Lincoln Journal Star reporter Nancy Hicks described what happened to a campaign sign for Nebraska Rep. Jeff Fortenberry late last month as “[p]olitical vandalism … [with] a touch of humor.” Whoever defaced the poster opted for the “sophomoric” version of dissent — adding cartoonish googly eyes to Fortenberry’s face along with a few pieces of strategically placed tape that transformed his name to “Fartenberry.”
Hicks condemned the vandalism, believed to have happened sometime on or around Oct. 21, but noted that the stunt “had even Republicans on Facebook chuckling.”
Not chuckling, however, were staffers in Fortenberry’s office after they somehow discovered one of the “likes” on a widely-shared Facebook photo of the modified sign belonged to Ari Kohen, an associate professor of political science at the University of Nebraska-Lincoln.
According to a troubling Journal Star report out today, Fortenberry’s chief of staff, Dr. William “Reyn” Archer III, then contacted Kohen. When Kohen did not immediately respond, Archer emailed high-level university officials, including the chancellor. Archer’s Oct. 24 message inquired about setting up a phone call to talk “about the support one of your faculty has shown for political vandalism.”
“The question,” Archer wrote, “is what the position of the [political science] department and university is regarding vandalism or worse violence, which we have seen in this political season.”
When contacted by the Journal Star, a UNL spokesperson declined to comment on the matter — apparently not even to issue a perfunctory defense of its faculty members’ First Amendment rights.
Kohen told the Journal Star that he and Archer ultimately did speak by phone late last week. In a recording of the call posted to YouTube, Kohen argues that his Facebook ‘like’ did not amount to him promoting vandalism or violence, and was unrelated to his teaching duties. (Kohen told the Journal Star that he ‘liked’ the photo on a weekend, from his personal Facebook account, on his personal cell phone.) The professor also asked Archer if Fortenberry’s office is contacting everyone who ‘liked’ the Facebook photo, and Archer responded that they singled out Kohen specifically because of his status as a faculty member.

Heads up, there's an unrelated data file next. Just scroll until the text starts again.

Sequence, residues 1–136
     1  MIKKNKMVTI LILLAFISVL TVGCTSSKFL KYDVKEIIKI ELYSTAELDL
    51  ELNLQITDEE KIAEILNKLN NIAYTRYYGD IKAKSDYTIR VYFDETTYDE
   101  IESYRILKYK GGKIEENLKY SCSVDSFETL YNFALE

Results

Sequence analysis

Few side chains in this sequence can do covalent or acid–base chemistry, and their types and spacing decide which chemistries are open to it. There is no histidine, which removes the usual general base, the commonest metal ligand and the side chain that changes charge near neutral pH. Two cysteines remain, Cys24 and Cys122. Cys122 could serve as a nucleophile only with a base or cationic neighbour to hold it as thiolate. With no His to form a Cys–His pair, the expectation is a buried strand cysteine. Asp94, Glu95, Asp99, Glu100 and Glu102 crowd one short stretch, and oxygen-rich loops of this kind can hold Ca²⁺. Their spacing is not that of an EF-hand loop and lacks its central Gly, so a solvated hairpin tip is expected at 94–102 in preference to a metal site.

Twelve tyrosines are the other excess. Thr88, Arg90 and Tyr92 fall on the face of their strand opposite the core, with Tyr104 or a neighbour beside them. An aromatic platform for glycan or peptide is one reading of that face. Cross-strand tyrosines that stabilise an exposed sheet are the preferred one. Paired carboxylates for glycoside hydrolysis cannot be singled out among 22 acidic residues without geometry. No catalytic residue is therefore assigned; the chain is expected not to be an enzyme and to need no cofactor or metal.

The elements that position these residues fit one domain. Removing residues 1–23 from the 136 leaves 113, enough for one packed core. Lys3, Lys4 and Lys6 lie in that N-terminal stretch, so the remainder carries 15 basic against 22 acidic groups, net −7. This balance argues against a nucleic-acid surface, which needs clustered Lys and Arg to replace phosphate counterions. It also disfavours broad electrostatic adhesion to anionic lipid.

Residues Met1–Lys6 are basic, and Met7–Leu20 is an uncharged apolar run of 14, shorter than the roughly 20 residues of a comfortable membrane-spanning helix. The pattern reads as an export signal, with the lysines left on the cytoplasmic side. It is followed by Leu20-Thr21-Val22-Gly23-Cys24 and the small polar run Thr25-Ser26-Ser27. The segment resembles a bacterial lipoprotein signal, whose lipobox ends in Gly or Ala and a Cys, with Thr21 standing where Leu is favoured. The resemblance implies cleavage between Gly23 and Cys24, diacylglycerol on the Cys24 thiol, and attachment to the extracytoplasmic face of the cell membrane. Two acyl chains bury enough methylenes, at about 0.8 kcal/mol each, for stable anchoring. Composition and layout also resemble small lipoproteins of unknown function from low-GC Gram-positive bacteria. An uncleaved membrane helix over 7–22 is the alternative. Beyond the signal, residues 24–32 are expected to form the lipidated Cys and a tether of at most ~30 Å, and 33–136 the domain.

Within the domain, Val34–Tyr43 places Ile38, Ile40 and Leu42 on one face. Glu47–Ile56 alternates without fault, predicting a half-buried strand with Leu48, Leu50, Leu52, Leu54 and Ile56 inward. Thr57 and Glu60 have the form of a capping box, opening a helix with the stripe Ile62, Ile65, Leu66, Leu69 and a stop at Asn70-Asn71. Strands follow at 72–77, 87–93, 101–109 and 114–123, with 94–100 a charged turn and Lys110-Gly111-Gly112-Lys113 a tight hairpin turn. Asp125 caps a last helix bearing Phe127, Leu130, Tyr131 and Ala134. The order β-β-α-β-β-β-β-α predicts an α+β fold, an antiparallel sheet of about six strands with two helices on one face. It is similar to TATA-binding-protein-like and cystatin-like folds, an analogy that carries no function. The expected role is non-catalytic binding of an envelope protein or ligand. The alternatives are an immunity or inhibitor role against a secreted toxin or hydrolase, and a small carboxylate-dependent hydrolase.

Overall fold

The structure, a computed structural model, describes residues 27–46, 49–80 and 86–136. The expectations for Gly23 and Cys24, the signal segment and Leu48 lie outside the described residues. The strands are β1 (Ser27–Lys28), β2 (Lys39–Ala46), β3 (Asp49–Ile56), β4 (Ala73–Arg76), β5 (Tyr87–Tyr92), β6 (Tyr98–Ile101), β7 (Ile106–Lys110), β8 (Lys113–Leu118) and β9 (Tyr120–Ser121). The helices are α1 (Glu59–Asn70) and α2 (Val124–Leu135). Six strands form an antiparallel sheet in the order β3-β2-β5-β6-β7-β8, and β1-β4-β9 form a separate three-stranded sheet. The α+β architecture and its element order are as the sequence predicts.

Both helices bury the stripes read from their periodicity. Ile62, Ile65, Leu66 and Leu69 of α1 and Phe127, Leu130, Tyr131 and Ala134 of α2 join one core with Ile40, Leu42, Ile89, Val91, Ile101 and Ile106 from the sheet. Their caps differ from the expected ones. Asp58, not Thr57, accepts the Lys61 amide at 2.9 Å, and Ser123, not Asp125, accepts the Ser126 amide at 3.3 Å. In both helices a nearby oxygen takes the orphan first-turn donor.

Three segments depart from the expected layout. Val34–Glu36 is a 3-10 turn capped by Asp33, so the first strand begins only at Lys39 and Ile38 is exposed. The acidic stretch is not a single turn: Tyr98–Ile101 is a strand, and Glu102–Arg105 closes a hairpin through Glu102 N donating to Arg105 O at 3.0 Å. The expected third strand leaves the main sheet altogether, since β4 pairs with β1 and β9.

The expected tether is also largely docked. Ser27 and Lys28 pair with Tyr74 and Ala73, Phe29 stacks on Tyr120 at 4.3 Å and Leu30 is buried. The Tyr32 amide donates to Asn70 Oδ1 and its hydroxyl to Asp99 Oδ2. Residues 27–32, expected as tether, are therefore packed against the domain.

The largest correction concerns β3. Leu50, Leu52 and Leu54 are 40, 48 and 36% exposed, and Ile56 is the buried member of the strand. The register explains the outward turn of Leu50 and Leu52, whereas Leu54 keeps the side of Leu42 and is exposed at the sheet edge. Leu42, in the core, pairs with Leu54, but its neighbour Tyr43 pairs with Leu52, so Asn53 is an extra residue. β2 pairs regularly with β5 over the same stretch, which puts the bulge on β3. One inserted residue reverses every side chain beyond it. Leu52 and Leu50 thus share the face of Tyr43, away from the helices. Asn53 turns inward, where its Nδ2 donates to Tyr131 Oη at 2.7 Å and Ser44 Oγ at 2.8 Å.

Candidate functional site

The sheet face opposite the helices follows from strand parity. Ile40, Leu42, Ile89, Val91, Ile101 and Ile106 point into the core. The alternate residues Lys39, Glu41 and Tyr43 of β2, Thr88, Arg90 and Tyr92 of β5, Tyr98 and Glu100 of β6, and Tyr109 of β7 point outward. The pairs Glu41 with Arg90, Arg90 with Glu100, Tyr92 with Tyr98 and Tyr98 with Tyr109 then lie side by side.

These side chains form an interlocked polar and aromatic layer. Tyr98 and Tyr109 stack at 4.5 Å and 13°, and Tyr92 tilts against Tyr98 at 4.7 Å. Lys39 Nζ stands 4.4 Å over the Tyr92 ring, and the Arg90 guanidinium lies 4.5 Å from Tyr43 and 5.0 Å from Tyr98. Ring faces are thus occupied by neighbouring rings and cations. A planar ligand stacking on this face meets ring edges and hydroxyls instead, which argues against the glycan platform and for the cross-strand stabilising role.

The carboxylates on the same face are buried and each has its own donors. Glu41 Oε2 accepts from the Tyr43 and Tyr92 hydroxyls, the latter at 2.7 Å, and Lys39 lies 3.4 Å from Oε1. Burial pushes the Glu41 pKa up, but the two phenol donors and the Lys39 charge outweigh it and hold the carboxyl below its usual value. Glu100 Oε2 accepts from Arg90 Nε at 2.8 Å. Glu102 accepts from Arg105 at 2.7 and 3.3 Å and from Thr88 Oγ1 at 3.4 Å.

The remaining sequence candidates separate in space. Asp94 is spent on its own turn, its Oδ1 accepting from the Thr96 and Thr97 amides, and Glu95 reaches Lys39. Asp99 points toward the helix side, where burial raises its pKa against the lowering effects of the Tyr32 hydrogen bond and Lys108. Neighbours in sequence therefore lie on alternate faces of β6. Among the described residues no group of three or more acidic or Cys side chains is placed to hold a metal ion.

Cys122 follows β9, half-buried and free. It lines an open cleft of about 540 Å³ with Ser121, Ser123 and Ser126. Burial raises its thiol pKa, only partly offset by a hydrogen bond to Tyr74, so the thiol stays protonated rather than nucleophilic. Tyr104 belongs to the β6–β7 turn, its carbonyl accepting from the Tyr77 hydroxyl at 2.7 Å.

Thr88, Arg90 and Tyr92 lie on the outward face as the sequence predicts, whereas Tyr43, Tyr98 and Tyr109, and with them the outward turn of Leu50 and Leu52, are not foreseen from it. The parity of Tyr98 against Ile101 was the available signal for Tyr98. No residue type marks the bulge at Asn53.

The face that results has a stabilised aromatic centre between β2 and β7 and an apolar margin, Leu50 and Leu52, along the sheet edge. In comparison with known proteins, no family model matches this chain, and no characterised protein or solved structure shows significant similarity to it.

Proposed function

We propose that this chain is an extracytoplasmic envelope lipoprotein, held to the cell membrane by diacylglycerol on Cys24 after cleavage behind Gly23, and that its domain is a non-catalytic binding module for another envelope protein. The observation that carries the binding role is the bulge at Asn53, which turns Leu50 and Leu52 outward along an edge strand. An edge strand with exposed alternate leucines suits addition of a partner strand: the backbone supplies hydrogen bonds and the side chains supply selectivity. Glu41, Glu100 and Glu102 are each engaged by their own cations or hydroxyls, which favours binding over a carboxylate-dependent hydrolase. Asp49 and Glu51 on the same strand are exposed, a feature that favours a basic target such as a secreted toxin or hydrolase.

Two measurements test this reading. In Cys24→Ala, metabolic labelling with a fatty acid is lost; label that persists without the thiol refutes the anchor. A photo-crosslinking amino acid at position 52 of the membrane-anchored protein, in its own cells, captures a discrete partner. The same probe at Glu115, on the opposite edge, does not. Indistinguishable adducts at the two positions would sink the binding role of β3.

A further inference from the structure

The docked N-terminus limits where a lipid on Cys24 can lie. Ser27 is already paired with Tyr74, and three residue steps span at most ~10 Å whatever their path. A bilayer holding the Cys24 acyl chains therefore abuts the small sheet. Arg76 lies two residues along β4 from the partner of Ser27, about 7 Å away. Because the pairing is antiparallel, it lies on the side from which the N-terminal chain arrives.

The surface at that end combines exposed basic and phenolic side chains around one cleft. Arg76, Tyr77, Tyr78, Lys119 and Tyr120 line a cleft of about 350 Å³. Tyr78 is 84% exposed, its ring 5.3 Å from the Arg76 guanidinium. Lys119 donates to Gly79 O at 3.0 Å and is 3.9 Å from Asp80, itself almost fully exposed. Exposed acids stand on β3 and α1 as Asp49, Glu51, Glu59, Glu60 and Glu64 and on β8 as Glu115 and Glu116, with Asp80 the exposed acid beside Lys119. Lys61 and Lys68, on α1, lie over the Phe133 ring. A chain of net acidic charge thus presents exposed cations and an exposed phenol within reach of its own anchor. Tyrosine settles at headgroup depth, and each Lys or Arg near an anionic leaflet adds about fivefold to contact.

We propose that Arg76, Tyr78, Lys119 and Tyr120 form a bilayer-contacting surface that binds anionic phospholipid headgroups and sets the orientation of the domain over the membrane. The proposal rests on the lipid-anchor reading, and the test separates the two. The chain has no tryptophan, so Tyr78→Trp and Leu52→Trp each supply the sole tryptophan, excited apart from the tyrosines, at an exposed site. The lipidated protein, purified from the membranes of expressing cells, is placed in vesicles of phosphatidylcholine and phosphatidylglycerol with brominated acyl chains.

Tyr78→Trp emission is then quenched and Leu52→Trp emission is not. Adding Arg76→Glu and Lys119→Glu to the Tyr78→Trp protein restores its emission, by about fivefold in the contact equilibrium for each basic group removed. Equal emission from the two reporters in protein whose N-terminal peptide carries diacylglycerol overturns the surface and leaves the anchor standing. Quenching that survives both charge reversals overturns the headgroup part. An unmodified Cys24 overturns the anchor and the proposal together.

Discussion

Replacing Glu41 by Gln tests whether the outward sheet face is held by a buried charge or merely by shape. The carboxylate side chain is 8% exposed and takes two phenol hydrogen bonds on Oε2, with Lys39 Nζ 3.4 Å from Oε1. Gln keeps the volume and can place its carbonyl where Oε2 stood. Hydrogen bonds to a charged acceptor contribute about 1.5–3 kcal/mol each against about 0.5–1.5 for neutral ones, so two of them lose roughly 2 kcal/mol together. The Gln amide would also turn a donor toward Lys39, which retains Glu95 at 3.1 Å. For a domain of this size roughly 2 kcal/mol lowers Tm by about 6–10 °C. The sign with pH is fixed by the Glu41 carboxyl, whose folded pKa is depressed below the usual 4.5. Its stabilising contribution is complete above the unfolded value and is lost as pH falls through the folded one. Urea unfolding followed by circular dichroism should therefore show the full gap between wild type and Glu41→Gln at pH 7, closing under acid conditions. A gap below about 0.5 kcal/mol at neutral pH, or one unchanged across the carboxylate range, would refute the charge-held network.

“Because you’re a professor,” Archer said, “we think you are held to a different standard than anyone else. … And because you can’t be distinct from your role as teaching folks political science, “ he added, “you’ve got to be careful of the optics of yourself.”
You can listen to the full exchange here:
Fortenberry, for his part, hasn’t distanced himself from Archer’s comments.
“It is — at a minimum — disrespectful of civil discourse and free speech,” Fortenberry wrote in a statement to the Journal Star. “When a university professor of political science gives his assent to such vandalism, it sends a seriously wrong message.”
While Fortenberry and his staff are certainly free to criticize Kohen for his choice of Facebook ‘likes’, these comments and actions are troubling. Faculty do have some limits on their freedom of expression attendant with their status as faculty members, but a professor “liking” a Facebook picture making fun of a political candidate from his private account on his own time fails to even approach that line. Simply put, Kohen’s “like” is protected by the First Amendment.
Federal courts have instead routinely held that faculty generally maintain their free speech rights when they speak as private citizens on matters of public concern. The United States Court of Appeals for the Eighth Circuit, whose decisions are binding on Nebraska institutions, observed in the 1997 case of Burnham v. Ianni that “the idea that a faculty member could be compelled to relinquish First Amendment rights in connection with employment at a public school was ‘unequivocally rejected’ by the Supreme Court” in the landmark case of Pickering v. Board of Education. And although its holdings are not binding in Nebraska, the United States Court of Appeals for the Fourth Circuit held in the 2013 case of Bland v. Roberts that ‘liking’ something on Facebook “constituted pure speech,” bringing it within the scope of the First Amendment.
Accordingly, as FIRE’s Adam Steinbaugh told the Journal Star, “[l]iking a picture is not incitement to vandalism.”
While political representatives are free to disagree with members of a university community, elected officials (and their staff acting in their official capacities) must not use their office to pressure colleges and universities to infringe upon the constitutional rights of students or faculty members. Indeed, elected officials, who promise to uphold the Constitution, must keep that promise when challenging those who disagree with them.
While the University of Nebraska has not commented on the controversy, FIRE hopes it will not cave to political pressure, and will support the free speech rights of its faculty — on campus and on Facebook.